• Art History Prints or texts for reference

Attachments:

Comments

This lesson plan was created in a LEARN NC workshop held in Chapel Hill. The workshop was funded by the North Carolina School of Science and Mathematics for the purpose of giving teachers the time, energy, and resources to create lesson plans. Using the Ackland Museum in Chapel Hill was an inspiration for helping us to incorporate the elements of arts education into our series of lessons.

Assessment:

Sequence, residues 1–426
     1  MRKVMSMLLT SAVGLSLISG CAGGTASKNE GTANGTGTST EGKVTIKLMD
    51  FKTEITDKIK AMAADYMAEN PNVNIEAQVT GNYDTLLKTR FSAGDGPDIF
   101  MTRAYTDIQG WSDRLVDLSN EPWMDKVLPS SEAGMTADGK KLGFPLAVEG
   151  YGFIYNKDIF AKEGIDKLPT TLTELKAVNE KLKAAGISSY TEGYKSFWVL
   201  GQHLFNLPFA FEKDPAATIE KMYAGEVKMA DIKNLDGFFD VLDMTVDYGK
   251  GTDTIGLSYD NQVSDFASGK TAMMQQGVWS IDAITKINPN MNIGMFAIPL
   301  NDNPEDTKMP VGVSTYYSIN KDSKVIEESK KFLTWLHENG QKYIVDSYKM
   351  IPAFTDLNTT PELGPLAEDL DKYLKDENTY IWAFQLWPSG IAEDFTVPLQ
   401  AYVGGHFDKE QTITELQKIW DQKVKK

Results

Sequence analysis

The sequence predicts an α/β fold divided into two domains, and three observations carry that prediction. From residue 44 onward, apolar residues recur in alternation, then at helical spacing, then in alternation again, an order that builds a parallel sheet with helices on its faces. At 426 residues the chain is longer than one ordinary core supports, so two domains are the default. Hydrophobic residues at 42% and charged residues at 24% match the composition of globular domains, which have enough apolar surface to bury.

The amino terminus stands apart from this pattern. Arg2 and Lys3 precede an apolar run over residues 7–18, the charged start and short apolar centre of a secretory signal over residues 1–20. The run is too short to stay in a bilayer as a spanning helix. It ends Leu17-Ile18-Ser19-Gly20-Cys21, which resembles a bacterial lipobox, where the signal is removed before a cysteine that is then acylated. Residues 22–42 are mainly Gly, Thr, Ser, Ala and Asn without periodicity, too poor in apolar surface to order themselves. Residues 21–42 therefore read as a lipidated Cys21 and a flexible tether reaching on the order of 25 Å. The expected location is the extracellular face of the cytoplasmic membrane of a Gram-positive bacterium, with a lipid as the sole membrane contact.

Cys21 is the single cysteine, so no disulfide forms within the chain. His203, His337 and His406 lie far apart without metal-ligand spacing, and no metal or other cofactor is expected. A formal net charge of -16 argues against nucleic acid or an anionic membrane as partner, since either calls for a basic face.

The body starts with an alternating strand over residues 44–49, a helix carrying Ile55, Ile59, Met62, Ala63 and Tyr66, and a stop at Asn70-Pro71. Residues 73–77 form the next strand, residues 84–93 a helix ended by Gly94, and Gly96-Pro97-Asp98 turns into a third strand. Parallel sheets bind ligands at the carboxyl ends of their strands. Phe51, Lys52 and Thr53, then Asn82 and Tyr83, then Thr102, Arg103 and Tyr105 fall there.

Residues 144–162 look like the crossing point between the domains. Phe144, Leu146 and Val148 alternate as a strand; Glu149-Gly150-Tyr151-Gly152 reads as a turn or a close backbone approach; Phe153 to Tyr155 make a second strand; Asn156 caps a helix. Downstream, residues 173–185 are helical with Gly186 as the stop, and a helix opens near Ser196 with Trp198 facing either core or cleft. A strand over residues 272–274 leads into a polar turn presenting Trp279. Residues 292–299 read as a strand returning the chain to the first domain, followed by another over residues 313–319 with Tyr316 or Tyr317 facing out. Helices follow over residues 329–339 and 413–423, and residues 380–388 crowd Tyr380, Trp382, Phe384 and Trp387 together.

1. Description of what happened when students did the activity (activities), including length of time spent on activity. Information about what happened when students did the activity includes approximate time spent on each section (e.g. one class period) as well as logistical information. Format may be a timeline, a narrative, or anything else that communicates what students did. I worked with both 4th and 5th grade students on this unit. Students did the lessons across a span of four months. I see them for art once a week for forty minutes, and lessons in the unit took 2–3 or more lessons each. We did not do the lessons back to back. There were other activities (art contests, holiday ornaments, etc) that had to be completed as well. Students started each new lesson with the computer museum visits (PowerPoint) which was amazing for them. We are in a new facility and it took a few weeks to get the technology on my side. But I really enjoy using the AverKey with my lessons so the class can view something off the computer. It always amazes some of them that they can see the computer on the TV. The PowerPoint presentation led into discussions of the art and then the connections of poetry, the environment, clay history, etc were brought into the lesson. Usually in that first lesson the art project might begin or start the planning of their product. The second lesson was a review and working with the art materials on their project. In the third lesson we would share and discuss the projects (critique) some students led discussions comparing their work to the work from the museums. The clay lesson (face jugs) took longer to complete. Drying time, glazing and firing gave us time to work on other things.